New Branford Marsalis project to see vinyl-only release on Record Store Day

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Saxophonist Branford Marsalis will issue his new release Four MFs Playin’ Tunes on deluxe 180-gram high definition vinyl as part of Record Store Day, April 21, 2012.

Four MFs Playin’ Tunes is the initial Marsalis studio project to feature drummer Justin Faulkner, who joined the band in 2009, and first-ever vinyl release from Marsalis Music. The group is rounded out by pianist Joey Calderazzo and bassist Eric Revis.

In describing Four MFs Playin’ Tunes, Marsalis recalls a television interview program on which famed bandleader and drummer Art Blakey was asked to describe jazz in one word. Blakey’s answer? “Intensity, intensity, intensity.”

[SOMETHING ELSE! INTERVIEW: Family patriarch, long-time jazz educator and noted New Orleans modernist Ellis Marsalis discusses the term ‘jazz,’ saying: “Music can never be changed by a name.”]

Four MFs Playin’ Tunes will be available on compact disc and digitally on August 7. Vinyl purchases will come with a download card that enables purchasers to register to receive a free digital copy of the album on August 7. Included are a series of original compositions by members of the band, a Thelonious Monk classic, and one standard dating to 1930.

Revis describes the sessions as “natural, like home” and characterized the band as “family” stressing that the “implicit trust” among the band members is key to the success of their collaboration. Faulkner adds: “Like Eric said, we’re a family, and in a family discussion, everyone has something to give to the conversation.”

Here’s a look back at our recent thoughts on Branford Marsalis. Click through the titles for complete reviews …

BRANFORD MARSALIS – FOOTSTEPS OF OUR FATHERS (2002): contains Branford’s tribute to some of the figureheads of jazz: Ornette Coleman, Sonny Rollins, The Modern Jazz Quartet, and John Coltrane. I’m not as familiar with the Sonny Rollins and MJQ selections (“Freedom Suite” and “Concorde”) as I am with Ornette’s “Giggin” and John Coltrane’s “A Love Supreme.” “Giggin” is electric. Branford’s sax is propelled along by the twists and turns of the bass & drums duo of Eric Revis and Jeff “Tain” Watts (one of my favorite drummers). And then there’s “A Love Supreme.” The word that comes to mind is volcanic. I don’t want to say that it’s better than the original as that just wouldn’t be fair to Trane. Let’s just say that this is no young-lion rendering. This has some real fire and is full of passion.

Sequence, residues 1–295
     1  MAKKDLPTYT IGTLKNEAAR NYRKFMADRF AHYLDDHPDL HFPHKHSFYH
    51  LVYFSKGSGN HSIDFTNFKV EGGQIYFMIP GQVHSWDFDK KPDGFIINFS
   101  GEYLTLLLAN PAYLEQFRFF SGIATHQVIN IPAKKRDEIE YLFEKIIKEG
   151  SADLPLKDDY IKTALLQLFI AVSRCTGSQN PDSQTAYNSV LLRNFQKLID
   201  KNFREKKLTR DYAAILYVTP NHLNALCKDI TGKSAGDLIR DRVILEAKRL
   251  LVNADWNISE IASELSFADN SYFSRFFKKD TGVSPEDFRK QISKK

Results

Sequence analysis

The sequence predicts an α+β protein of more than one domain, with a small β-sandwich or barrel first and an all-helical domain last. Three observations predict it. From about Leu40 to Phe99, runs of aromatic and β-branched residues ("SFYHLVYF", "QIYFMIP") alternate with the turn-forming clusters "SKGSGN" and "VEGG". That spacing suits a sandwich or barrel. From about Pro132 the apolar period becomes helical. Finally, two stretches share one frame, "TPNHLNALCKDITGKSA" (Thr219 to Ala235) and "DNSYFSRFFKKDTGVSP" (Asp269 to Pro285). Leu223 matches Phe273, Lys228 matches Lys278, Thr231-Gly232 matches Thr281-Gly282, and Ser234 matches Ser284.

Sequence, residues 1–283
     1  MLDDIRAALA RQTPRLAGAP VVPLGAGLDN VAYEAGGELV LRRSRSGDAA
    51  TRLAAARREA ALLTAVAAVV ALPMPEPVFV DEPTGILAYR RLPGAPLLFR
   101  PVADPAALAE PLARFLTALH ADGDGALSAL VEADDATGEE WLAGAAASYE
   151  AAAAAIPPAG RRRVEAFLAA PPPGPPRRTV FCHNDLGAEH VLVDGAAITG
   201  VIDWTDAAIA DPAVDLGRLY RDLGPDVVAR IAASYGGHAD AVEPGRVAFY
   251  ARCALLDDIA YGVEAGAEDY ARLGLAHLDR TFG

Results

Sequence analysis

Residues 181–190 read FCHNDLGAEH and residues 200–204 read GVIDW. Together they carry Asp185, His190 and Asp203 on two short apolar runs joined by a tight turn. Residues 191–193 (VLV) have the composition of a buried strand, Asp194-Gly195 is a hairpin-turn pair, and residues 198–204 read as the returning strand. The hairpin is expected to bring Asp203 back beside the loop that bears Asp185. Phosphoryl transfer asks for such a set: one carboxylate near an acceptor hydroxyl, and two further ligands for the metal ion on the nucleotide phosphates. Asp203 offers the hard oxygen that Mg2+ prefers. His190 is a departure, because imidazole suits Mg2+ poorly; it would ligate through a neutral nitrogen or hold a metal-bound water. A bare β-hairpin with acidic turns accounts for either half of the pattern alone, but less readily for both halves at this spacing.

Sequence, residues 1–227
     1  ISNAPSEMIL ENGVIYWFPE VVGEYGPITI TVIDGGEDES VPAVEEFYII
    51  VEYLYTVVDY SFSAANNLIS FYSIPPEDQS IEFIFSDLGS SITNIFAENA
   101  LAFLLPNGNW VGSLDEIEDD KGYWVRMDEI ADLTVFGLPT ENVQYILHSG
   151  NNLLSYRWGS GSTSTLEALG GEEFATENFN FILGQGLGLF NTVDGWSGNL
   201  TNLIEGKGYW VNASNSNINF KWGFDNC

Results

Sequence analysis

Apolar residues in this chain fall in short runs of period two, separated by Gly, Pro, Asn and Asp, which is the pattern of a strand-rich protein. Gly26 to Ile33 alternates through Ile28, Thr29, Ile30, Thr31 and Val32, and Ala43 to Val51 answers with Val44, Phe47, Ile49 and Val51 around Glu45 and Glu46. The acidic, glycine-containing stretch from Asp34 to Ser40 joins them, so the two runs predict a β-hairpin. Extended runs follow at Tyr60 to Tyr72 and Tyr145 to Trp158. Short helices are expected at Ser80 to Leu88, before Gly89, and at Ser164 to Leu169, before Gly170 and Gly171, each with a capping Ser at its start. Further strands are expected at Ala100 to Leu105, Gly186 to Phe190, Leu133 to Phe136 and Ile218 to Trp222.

BRANFORD MARSALIS – BLOOMINGTON (1992): The jazz ideal is this: a hard-blowing, maybe bluesy horn player, sweat drops dripping down his nose, fronting a filterless rhythm section. And the scene, no doubt, is this: Dim and sticky room in the middle a bustling mileau, with taxis and tourists groaning outside, businessmen passing vagrants near the front door, steam rising from the sewer grates. Well, on Branford Marsalis’ “Bloomington,” forget it. This recording, done live during Marsalis’s 1991 tour, was made in bucolic Bloomington. In Indiana. At this off-handed venue, on what might have been a nondescript tour stop, Marsalis and his explosive sidekicks — drummer Jeff “Tain” Watts and bassist Robert Hurst III — do a number on all those expectations. Branford said the message on this album was simple: “We’re going on a ride, guys. Why don’t you take a seat, strap yourself in and hold on.”

ART BLAKEY AND THE JAZZ MESSENGERS – ART COLLECTION (1992): Funky and tough, the Jazz Messengers were, until the very end, a group best heard blasting away on stage as vital, hard bop pioneers. That made this the definitive late-period release from Art Blakey. “Art Collection” features two celebrated tracks with Wynton and Branford Marsalis, as well as one with Bobby Watson and Wynton Marsalis, and another with long-tenured tenor David Schnitter, then three cuts with trumpeter Terence Blanchard and saxophonist Donald Harrison recorded in 1984 and ’85. They auditioned after the Marsalises left Blakey’s band — appropriately enough, as the story goes, at a place called Fat Tuesday’s — in 1982.

BRANFORD MARSALIS – I HEARD YOU TWICE THE FIRST TIME (1991): Neatly mixing two of our favorite topics, Branford Marsalis pays no empty lip-service to exploring blues through the jazz idiom here. In fact, you don’t have to listen more than once to hear that’s he’s gone off the deep blue end. Any CD with appearances by B.B. King, Linda Hopkins and John Lee Hooker isn’t playing footsie. Still, as great as The Concept no doubt is here, Marsalis is nearly swallowed whole by it. The best of the blues-based instrumentals doesn’t even feature Branford’s rhythm section of the time — but bassist Reginald Veal and drummer Herlin Riley from brother Wynton’s septet. (The other great soloist here? No, again, not Branford. It’s guitarist Russell Malone.) Not being able to find too much Branford on a Branford record doesn’t sink it, however. If only because I love the blues so well. Too, the brief flickerings of Marsalis that you do hear are top notch.

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